05/13/2010 11:00PM

Rider gets himself back in the game


ARLINGTON HEIGHTS, Ill. - Eleven years as a jockey in Maryland, and Jozbin Santana was not feeling the love.

Santana, now 31, had started out on the Mid-Atlantic circuit as an apprentice in 1998, and was a perennial top-10 rider in Maryland throughout the late 1990s and early 2000s, topping out with a 128-win 2003. Santana won 91 races in 2005, but his annual total fell to 71 in 2006, and was down to 42 in 2008. By the end of the year, longtime supportive trainer Richard Small was about the only horseman who still seemed to have faith in Santana, and Santana decided to pull the plug.

"I just decided to take a break," Santana said.

So, early in 2009, Santana wound up in Miami, where he said he found work on the low end of the totem pole in a restaurant. By fall, the racetrack had regained some appeal, and Santana started galloping horses mornings at Calder. Before the year was out, Santana was back in the saddle in the afternoon, riding one winner in 19 Calder mounts. At Gulfstream Park, Santana was the designated "house rider," picking up late open mounts. At Gulfstream, he won one race in 41 tries. But the win came for owner Frank Calabrese, and Santana came to Chicago - a place he'd never ridden before - hoping to land a mount here or there for the large, successful Calabrese operation,

So far, that hasn't happened, but Santana has gotten off to a surprisingly decent start nonetheless. Through Thursday's program here, he had compiled an Arlington record of 3-3-4 from 19 starters. That's not going to set any records - but it beats busing tables.

Coach Jimi Lee readies for return

On July 18, 2002, Coach Jimi Lee made his career debut, finishing second in a maiden sprint at Arlington Park. On May 12, 2010, Coach Jimi Lee worked a half-mile in a bullet 46.20 seconds at Arlington, the quick work a signal that the 10-year-old Coach is approaching his first start since last October.

It has been a long trip for Coach Jimi Lee, a 17-time winner who has recorded multiple sprint-stakes victories, and who holds the Illinois state-record time for six furlongs. His owners, trainer Jim DiVito and Lee Battaglia, have set a goal of $1 million in career earnings for Coach Jimi Lee, a mark Coach Jimi Lee was edging toward way back at the end of 2007. Coach Jimi Lee had passed $920,000 in earnings then, but a two-start 2008, when he banked only $2,205, delayed the milestone, and Coach Jimi Lee still needs $27,767 in purse money to become a millionaire.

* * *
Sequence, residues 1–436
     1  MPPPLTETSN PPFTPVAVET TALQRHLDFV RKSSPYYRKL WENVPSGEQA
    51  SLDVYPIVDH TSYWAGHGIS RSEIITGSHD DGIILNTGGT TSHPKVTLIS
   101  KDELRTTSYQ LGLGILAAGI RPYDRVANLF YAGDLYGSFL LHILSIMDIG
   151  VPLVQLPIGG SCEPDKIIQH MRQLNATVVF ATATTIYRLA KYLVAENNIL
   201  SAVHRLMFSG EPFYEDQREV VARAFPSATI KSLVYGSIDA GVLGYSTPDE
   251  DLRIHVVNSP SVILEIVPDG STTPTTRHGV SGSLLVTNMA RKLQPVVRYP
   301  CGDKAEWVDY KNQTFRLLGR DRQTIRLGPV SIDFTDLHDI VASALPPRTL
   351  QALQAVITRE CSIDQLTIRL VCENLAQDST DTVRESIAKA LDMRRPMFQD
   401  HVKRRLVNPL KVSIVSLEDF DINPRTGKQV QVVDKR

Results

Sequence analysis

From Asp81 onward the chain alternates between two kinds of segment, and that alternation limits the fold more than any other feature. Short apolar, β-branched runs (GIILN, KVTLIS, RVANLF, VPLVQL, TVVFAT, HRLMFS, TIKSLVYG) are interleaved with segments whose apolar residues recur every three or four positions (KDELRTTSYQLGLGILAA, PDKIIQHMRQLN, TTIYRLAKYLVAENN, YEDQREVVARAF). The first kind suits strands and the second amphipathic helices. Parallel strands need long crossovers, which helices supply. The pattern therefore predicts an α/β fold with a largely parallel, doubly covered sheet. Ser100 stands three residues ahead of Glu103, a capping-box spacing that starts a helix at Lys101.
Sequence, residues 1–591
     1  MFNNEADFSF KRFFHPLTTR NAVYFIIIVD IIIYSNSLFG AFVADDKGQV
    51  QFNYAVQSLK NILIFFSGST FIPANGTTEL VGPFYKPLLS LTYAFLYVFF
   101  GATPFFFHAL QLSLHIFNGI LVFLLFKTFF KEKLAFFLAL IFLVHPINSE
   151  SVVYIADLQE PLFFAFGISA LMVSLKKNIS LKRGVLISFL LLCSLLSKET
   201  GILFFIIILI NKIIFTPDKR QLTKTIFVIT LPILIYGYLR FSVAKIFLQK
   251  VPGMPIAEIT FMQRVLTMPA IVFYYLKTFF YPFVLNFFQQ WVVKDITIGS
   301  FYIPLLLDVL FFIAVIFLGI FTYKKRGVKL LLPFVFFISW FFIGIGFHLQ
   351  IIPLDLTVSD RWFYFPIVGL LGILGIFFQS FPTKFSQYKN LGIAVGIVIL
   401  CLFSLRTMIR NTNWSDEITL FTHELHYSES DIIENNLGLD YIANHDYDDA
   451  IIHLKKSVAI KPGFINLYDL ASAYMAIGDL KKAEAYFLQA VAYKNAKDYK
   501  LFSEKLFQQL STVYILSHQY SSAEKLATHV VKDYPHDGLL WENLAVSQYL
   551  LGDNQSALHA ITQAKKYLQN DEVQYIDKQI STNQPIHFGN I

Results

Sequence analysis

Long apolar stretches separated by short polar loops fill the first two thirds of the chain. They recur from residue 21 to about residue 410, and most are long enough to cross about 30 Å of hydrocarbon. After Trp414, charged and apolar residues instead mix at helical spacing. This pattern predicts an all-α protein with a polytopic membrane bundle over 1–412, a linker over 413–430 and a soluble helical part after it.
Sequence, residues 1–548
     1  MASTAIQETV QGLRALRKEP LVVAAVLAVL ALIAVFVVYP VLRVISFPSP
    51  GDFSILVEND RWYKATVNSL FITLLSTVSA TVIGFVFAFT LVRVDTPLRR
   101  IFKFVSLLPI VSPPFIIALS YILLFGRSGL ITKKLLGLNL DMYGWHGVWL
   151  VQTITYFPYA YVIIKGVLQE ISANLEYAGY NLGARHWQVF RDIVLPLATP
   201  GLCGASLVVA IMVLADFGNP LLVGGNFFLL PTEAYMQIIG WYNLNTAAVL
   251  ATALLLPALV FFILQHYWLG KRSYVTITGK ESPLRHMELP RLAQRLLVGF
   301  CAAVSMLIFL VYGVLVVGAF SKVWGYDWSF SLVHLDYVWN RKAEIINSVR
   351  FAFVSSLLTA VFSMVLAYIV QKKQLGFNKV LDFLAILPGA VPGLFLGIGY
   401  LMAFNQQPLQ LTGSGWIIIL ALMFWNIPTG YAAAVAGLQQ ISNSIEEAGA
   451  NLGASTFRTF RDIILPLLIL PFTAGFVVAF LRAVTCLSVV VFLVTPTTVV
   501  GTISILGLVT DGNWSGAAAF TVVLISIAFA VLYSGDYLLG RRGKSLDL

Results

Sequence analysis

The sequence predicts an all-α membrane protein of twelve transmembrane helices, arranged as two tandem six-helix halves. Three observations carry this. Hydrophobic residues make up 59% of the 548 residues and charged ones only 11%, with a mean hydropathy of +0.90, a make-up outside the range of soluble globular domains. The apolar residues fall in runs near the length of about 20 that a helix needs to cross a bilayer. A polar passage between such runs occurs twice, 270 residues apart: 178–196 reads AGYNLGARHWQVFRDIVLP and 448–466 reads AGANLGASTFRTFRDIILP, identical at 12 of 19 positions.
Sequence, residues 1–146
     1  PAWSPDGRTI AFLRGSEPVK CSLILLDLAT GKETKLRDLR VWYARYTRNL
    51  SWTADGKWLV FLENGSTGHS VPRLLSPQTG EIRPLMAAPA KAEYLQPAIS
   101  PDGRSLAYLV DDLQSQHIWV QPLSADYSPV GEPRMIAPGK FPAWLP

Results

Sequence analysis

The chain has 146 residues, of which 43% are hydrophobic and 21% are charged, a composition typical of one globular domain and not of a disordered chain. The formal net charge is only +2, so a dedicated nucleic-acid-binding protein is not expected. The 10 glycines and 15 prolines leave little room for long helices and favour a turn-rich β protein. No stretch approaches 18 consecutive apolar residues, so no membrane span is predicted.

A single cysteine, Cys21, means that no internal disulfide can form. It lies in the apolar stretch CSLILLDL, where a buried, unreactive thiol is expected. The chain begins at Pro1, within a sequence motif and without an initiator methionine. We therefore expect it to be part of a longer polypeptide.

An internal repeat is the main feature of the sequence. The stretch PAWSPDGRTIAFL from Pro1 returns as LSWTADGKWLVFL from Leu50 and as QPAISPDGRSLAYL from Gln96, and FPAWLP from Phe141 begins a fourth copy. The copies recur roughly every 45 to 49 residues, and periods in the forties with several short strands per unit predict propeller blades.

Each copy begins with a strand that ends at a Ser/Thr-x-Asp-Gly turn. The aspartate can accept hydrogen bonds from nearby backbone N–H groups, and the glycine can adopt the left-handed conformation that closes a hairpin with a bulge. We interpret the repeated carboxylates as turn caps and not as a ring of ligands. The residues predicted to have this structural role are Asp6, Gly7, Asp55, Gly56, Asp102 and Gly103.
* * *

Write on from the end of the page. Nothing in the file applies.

Coach Jimi Lee's 2010 debut probably won't come at Arlington, though. DiVito tried that last spring, and Coach Jimi Lee ran below form on Polytrack. The Coach is a dirt horse, and specifically likes the dirt at Prairie Meadows, where he has won the Iowa Sprint Handicap three times.

Feature brightens sparse card

Arlington races days, but the racing office finally finished their business at night on Thursday. The Sunday card, drawn Thursday, was slow to fill - glacially slow - and when finally set early in the evening, had only 73 horses entered for 10 races. The very first horse in the first race exemplifies the slog that the Arlington racing office underwent Thursday: Special Victory is a "non-winners-of-two"-eligible claimer who was entered in a nonwinners-of-three race by trainer Wayne Catalano, a horsemen who rarely spots horses above their conditions. Catalano has two horses in a race that drew only six entries.

There is, however, a decent feature waiting at day's end: Race 10 is a second-level turf-route allowance that's also open to $40,000 claimers, and 10 horses plus one also-eligible were entered here.

The Sunday feature includes Tajaweed, who finished eighth at 10-1 in the 2008 Epsom Derby, but who has started only three times since, and has not been out since June 2009. He makes his North American debut Sunday for trainer Dan Peitz.

She Be Wild on the mend

She Be Wild, champion 2-year-old filly of 2009, is recovering nicely in Kentucky from surgery to repair a fractured left-front pastern, an injury sustained in April at Keeneland, trainer Wayne Catalano said. But Catalano said there is no timetable for She Be Wild to return to training.

"All I know is that everything went really well with her," Catalano said. "The first couple weeks after a thing like that is really important, and she got through that part of it."